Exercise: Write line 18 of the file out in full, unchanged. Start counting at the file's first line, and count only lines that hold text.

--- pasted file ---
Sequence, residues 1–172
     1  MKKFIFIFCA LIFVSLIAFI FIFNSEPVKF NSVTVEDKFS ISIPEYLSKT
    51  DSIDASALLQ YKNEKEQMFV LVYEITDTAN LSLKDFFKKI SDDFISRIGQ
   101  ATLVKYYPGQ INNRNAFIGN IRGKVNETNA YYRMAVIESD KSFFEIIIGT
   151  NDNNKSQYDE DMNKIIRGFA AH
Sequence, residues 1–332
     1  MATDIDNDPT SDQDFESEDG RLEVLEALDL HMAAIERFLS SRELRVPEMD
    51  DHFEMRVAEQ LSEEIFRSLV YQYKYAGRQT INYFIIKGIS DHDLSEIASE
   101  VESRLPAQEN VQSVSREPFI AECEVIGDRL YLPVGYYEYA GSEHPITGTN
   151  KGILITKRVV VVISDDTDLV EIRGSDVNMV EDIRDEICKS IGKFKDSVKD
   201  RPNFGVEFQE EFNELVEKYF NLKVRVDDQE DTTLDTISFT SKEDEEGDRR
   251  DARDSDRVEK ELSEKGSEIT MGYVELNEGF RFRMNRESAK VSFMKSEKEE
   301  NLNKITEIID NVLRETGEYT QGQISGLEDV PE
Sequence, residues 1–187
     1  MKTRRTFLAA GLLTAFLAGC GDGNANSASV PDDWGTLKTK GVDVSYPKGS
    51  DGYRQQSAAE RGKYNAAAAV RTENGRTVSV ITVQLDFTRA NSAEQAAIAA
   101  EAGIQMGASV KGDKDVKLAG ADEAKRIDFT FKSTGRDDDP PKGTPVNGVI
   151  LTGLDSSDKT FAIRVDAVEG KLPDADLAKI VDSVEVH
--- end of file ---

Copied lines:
   151  LTGLDSSDKT FAIRVDAVEG KLPDADLAKI VDSVEVH